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Full Version: So...about some of those published books...
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I've dug out some old know, 1st and 2nd-edition stuff. The classics. I thumbed through them, thinking about how I might update them to work with my current group...

When it hit me that the scenario I was looking at was pretty much impossible to beat.

It was 'Double Exposure'.
Every enemy in that is super-armored, super-tough, has unbelievably high combat skills, incredible initiative...and there's dozens of them. And at one point, fighting them is pretty much inevitable.

Then I checked some other books. Sure enough, the trend continues. All of those 'classics' seem to have been designed with the utter munchkin in mind...only an advanced-level powergamer group would have a shot at making it through.

Not that the 'modern' books lack their share of in point, 'First Run', second scenario. The Renraku mages in that each have a force 4 power focus. Not only is that seriously powerful (especially considering that most teams only have one mage), it's also way more money than any starting team should have if they manage to loot these things (420k nuyen.gif each, I believe).

Now I it just me, or are the power levels in official scenarios rather skewed?
Ancient History
Some people have contested the power levels, yes.
Some say it's to coutner-balance power gamers, others say it's to encourage PCs not to shoot it out with everyone...meh. I still had fun with 'em.
The npcs stats and skills can always be adjusted for the power level of the group, to give a slight challenge but not be unbeatable. Always worked for me.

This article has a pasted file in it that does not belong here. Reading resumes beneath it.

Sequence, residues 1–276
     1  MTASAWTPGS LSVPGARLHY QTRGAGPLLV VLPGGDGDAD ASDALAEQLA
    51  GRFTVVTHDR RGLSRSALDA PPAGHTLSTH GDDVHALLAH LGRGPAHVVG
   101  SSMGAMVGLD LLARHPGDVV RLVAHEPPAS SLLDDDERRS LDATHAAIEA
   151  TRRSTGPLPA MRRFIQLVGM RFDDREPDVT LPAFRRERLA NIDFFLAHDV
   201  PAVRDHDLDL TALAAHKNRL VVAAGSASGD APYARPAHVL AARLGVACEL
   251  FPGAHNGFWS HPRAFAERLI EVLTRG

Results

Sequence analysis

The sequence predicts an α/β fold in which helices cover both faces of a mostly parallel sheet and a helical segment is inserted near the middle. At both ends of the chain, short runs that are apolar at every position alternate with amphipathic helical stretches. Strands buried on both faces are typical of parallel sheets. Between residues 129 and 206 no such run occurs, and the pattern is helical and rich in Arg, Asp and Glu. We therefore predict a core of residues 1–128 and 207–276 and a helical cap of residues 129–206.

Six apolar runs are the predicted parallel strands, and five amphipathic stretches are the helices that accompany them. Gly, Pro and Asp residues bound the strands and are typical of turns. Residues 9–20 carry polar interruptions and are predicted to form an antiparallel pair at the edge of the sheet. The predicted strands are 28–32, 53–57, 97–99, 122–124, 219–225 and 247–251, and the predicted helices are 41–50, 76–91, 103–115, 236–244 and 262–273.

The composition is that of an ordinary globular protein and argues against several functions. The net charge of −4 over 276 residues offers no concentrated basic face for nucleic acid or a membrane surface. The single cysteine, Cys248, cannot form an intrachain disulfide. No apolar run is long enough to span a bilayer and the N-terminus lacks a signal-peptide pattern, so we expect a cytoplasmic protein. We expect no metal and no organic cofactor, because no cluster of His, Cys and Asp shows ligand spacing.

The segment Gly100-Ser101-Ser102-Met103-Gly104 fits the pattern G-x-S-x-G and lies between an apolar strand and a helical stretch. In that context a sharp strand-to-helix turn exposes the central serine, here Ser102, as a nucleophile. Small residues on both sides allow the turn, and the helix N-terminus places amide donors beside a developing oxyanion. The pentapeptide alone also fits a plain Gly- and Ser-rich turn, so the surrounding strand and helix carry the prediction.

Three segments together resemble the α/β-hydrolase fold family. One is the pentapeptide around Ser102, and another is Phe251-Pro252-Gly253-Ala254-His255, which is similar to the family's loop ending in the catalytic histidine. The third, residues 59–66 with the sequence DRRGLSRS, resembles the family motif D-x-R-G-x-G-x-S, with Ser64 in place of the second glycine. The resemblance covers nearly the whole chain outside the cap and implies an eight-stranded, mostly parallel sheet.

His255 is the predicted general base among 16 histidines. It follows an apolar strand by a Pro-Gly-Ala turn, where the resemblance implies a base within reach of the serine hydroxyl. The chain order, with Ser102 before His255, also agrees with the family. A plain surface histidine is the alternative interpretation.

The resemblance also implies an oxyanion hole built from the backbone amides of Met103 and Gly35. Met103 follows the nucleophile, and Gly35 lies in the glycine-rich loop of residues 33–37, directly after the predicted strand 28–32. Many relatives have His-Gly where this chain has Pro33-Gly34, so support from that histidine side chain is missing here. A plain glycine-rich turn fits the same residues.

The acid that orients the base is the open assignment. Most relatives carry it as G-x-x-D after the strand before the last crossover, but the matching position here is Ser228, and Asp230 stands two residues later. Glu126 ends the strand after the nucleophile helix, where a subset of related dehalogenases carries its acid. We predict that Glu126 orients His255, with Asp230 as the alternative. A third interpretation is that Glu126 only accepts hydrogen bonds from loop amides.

Wounded Ronin
I can't tell you the number of times I'd read a module and was left with the overpowering impression that the power level was stupidly high.
Shh, you'll wake up Polaris and then he'll tell you about how the Renraku Arcology was a joke.

QUOTE (Striker)
The Renraku mages in that each have a force 4 power focus. Not only is that seriously powerful (especially considering that most teams only have one mage)

This is where the saying "Geek the mage first" comes from. All the foci and power in the world don't matter if you shoot them before they can cast.
James McMurray
Yeah, there's some serious power escalation in the printed modules (at tleast the old ones, I haven't seen anything by Fanpro). Long before I joined my group, the players did no runs except those. It ended up with a group that feels they have to power game to the extreme to survive. And now I get to be in the GM chair with that. Its not too bad most of the time (I've limited things to just the core rulebook for right now).

From what I've heard, some of those runs also had incredibly juicy rewards. 2,000,000 nuyen.gif or Paradise Lost is the one that I really remember. For some reason my players keep wanting me to run that adventure. And there was also an adventure (not sure what it was called) that had some sort of gas that made people goblinize. One of the party members was turned into a troll, so he got to be a badass mage with the physical resilience of a troll.
Crimsondude 2.0
QUOTE (Kagetenshi)
Shh, you'll wake up Polaris and then he'll tell you about how the Renraku Arcology was a joke.


It is a joke--It's the punchline to anyone complaining about the level of graphic violence on Shadowland.
I thought Brainscan was pretty extreme - I know it's a high level adventure, but seriously, so much of the opposition simply didn't make sense in the places they were assigned - Dward Phys Ad Demolition specialists my ass....
My eye-opener was "Dragon Hunt."

Crimsondude 2.0
Brainscan is not extreme enough, IMO. I haven't run it (because, like I've said elsewhere, I don't keep PCs around long enough to survive it), but were I to GM it I would take care to alter everything Kenson touched.